Category Archives: Test Riding

10 MUST DO Dressage Test Tips that will take your scores to GOOD or better

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10 MUST DO Dressage Test Tips that will take your scores to GOOD or better

Dressage Test Tips

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Patricia – The Dressage Tipster


Very few trainers give real weight to their pupils understanding and focusing on the collective marks.  My view is that if you pay lip service to this as an ‘also ran’ you will not have a full understanding of the aims of your test.

The collective marks allow the judge to give an overall score for their perception of how you and your horse performed THROUGHOUT THE TEST.  It is their opinion as to how you as a combination conducted yourselves and the overall impression you left them with as the test progressed.

This post is the first in a series that will explore how you can make the most of your collective marks.  For those of you that know the scoring and how it works I apologise but I must start with scoring so that everyone understands what they are aiming for.

Each Judge will allot 1-10 points for each section of the collective marks. These points are directly related to the key below:

Scale of Marks

  • 10 Excellent
  • 09 Very Good
  • 08 Good
  • 07 Fairly Good
  • 06 Satisfactory
  • 05 Sufficient
  • 04 Insufficient
  • 03 Fairly Bad
  • 02 Bad
  • 01 Very Bad
  • 0 Not Executed

At the lower levels collective marks are assigned for the following:

  • Paces and Regularity
  • Submission
  • Impulsion
  • Riders Position and Seat
  • Balance

In the event of a tie, the horse with the higher collective marks takes the higher placing.  If the total of the collective marks is also equal the horses are given the same placing and grading points in accordance with that percentage.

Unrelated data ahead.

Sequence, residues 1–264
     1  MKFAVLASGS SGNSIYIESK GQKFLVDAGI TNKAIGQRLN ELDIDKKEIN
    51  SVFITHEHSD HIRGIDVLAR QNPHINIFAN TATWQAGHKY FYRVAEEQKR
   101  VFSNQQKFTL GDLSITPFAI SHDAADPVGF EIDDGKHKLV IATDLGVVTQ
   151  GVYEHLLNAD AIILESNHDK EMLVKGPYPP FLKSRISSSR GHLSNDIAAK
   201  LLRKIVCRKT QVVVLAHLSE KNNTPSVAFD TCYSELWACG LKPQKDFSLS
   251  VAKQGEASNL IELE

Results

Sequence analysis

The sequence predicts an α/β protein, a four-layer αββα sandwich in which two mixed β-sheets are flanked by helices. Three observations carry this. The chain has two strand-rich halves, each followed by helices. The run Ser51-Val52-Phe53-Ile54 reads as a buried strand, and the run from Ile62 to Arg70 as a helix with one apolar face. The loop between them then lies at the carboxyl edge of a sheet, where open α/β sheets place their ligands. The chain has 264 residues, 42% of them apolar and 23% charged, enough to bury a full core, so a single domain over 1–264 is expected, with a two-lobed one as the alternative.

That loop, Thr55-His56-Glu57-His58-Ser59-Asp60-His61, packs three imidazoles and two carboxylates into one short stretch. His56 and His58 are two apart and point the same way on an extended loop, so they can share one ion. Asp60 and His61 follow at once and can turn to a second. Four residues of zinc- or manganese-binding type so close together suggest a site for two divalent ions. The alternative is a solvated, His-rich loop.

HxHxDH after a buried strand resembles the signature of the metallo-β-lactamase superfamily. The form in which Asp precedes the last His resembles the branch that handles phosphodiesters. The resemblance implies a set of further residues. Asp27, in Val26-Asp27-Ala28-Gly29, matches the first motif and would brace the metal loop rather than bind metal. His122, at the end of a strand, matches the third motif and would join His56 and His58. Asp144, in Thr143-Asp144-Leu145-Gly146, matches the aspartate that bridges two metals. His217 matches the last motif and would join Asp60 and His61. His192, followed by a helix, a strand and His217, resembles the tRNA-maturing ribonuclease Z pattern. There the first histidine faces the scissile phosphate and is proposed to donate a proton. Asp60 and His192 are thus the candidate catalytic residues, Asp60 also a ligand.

So, with this in mind it is really important that you know that throughout your test you are being marked not only for execution of the movement but also, the horses paces, submission, impulsion and your own riders position and seat.

It is not something that will just happen.  You need to work on these areas and really maximise your collective points.

The next post in the series will look at Paces and Regularity, but within that there are, of course, 3 paces – walk, trot and canter.  In the meantime, here’s an alternative way of scoring which may make more sense …

Dressage Scoring

The collective marks in a test can mean the difference between winning and not winning.   But for me that is not the aim of the game, for me the collective marks are about feedback on the very basics of your training and what you should concentrate on MOST OF ALL when you get your test sheet.

Have fun!

Patricia – The Dressage Tipster


So, today we worked on teaching my young horse Trot Extensions and the essence of the matter is preparation.

The corner before the extension, assuming you are making the extensions across the diagonal is absolutely vital.  It should be forward, balanced and primed.

  • Half halt, make sure you have a good bend and use the corner well
  • After the corner, half halt again to let your horse know something different is about to happen (a transition into extended trot)